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Random keys are often produced using high-quality random generators. Assuming a key produced for a symmetrical cipher, this means that the number of zeros and ones in the key will, on average, concentrate on about half of the key's length.

Having this in mind, is it anywhere more profitable to start a brute-force attack from bit patterns with similar population counts (that is, with similar counts of ones and zeros)? Will this increase the probability of success?

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No, you can't get any advantage by using a special algorithm to determine with which keys to start your brute-force attempt if the key was chosen by a truly random key generator.

You are right, the amount of bits set to 1 of such a truly random key will be (statistically) equal / close to $\frac{x}{2}$ with $x$ defined as the length of the key in bits. It's also true that it is more likely that the key will have $\frac{x}{2}$ bits set to 1 than only 1 bit set to 1 (at least for bigger $x$). The problem is that the amount of possible keys will rise the same as the number of bits set to 1 until it reaches $\frac{x}{2}$ and then drop again. For $x = 4$ there are $2^4 = 16$ possible values of your key. The amount of keys with $\frac 4 2 = 2$ bits set to 1 are $\frac{4!}{2!(4-2)!} = 6$ elements. (See Binomial coefficient for an explanation of this formula) That are $\frac 6 {16} = 37.5\%$ of the whole keyspace, and that's also the chance that the randomly chosen key will be in this space.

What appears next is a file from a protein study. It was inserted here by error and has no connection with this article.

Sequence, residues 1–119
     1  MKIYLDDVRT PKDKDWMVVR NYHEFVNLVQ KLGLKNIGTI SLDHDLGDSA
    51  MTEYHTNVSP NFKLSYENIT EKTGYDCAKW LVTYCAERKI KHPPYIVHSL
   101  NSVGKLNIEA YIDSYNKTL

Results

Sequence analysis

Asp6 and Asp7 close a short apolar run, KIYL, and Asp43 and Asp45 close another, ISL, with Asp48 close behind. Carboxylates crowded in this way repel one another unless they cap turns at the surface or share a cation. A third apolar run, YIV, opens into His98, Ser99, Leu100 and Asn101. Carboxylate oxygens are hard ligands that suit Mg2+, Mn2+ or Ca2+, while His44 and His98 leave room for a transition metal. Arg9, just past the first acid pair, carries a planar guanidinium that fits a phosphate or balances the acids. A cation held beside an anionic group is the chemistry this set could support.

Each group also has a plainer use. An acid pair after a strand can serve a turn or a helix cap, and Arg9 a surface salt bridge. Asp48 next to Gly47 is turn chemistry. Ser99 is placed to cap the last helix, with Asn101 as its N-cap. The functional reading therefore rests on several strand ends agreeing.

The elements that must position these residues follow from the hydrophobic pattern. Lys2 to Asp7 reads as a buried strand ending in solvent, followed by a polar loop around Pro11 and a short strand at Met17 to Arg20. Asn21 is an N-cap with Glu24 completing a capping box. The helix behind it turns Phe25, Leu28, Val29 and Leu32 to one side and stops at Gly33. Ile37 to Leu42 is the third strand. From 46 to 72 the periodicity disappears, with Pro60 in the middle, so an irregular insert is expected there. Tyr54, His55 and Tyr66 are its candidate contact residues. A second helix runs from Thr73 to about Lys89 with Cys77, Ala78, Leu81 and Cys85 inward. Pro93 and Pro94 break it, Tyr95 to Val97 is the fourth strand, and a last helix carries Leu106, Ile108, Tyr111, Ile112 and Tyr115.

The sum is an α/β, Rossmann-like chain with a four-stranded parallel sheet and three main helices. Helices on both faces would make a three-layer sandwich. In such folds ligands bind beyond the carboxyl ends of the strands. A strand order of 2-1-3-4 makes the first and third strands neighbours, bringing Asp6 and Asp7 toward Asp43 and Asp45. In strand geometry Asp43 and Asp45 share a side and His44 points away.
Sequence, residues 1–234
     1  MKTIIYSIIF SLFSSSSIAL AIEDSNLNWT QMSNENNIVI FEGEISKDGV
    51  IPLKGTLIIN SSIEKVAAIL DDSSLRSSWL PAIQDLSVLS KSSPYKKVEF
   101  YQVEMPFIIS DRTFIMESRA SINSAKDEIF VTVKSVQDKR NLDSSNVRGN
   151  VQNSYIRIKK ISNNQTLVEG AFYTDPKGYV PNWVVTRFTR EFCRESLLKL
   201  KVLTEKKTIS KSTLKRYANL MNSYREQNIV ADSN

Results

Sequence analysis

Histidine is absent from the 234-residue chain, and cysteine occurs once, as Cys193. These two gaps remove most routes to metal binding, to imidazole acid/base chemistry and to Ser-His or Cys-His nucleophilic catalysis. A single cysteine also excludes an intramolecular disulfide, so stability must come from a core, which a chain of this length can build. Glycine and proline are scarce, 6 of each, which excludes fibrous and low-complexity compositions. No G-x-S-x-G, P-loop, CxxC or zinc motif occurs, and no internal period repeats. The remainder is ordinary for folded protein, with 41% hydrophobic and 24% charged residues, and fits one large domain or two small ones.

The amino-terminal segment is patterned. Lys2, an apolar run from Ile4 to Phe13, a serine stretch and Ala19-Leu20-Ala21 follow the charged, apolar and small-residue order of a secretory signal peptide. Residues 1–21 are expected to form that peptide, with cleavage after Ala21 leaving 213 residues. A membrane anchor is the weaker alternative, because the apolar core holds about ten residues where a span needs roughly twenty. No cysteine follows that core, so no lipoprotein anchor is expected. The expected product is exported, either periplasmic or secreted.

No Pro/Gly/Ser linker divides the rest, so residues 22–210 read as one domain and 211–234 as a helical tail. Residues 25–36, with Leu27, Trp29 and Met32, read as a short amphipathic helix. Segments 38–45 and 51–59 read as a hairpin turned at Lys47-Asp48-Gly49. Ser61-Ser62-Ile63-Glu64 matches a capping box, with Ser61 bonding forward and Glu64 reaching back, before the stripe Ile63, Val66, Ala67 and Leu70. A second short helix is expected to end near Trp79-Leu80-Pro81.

In contrast to that there's only exactly 1 element of the space of possible keys that has exactly 0 bits set to 1 - a key containing only 0. With a key length of 4 that one has a chance of $\frac 1 {16} = 6.25\%$, but there's also only 1 key you have to check. The chance is smaller, but you are also much faster through that list.

When you now start your search with half of the bits set to 1, you will have the same chance to find the key as when you start with all bits set to 0.

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    $\begingroup$ Although the answer was obvious at sight (since otherwise one would be deriving information from pure randomness), I was curious to see the calculations. Thanks for sharing this. $\endgroup$ – alecov Apr 24 '17 at 0:02
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No, it doesn't help. It doesn't hurt either; as long as you don't repeat keys, the probability of success is always the same. That is, if there are $2^n$ possible keys, and you test $\lambda$ of them, the probability you hit the right one is always $\lambda / 2^{n}$.

A key generated by a high quality random number generator (or a good key derivation function) is equidistributed; every possible value has an equal probability of being the correct one. Yes, most keys will have approximately the same number of 0's and 1's; but that's because most possible values will have approximately the same number of 0's and 1's.

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